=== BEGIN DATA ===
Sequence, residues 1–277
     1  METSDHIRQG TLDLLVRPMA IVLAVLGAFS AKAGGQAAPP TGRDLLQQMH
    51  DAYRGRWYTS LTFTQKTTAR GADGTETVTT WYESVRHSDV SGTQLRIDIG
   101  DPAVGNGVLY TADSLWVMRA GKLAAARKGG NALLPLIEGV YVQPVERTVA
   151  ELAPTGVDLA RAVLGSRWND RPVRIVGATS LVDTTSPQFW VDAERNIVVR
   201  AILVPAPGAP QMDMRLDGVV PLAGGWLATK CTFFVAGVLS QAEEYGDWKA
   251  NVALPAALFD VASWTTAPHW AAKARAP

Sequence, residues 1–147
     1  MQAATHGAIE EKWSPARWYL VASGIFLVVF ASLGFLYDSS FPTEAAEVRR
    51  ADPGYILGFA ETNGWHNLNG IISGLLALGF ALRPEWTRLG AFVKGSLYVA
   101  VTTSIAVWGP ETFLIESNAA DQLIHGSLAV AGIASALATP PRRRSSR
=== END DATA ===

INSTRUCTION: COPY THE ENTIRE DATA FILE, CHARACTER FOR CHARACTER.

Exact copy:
Sequence, residues 1–277
     1  METSDHIRQG TLDLLVRPMA IVLAVLGAFS AKAGGQAAPP TGRDLLQQMH
    51  DAYRGRWYTS LTFTQKTTAR GADGTETVTT WYESVRHSDV SGTQLRIDIG
   101  DPAVGNGVLY TADSLWVMRA GKLAAARKGG NALLPLIEGV YVQPVERTVA
   151  ELAPTGVDLA RAVLGSRWND RPVRIVGATS LVDTTSPQFW VDAERNIVVR
   201  AILVPAPGAP QMDMRLDGVV PLAGGWLATK CTFFVAGVLS QAEEYGDWKA
   251  NVALPAALFD VASWTTAPHW AAKARAP

Sequence, residues 1–147
     1  MQAATHGAIE EKWSPARWYL VASGIFLVVF ASLGFLYDSS FPTEAAEVRR
    51  ADPGYILGFA ETNGWHNLNG IISGLLALGF ALRPEWTRLG AFVKGSLYVA
   101  VTTSIAVWGP ETFLIESNAA DQLIHGSLAV AGIASALATP PRRRSSR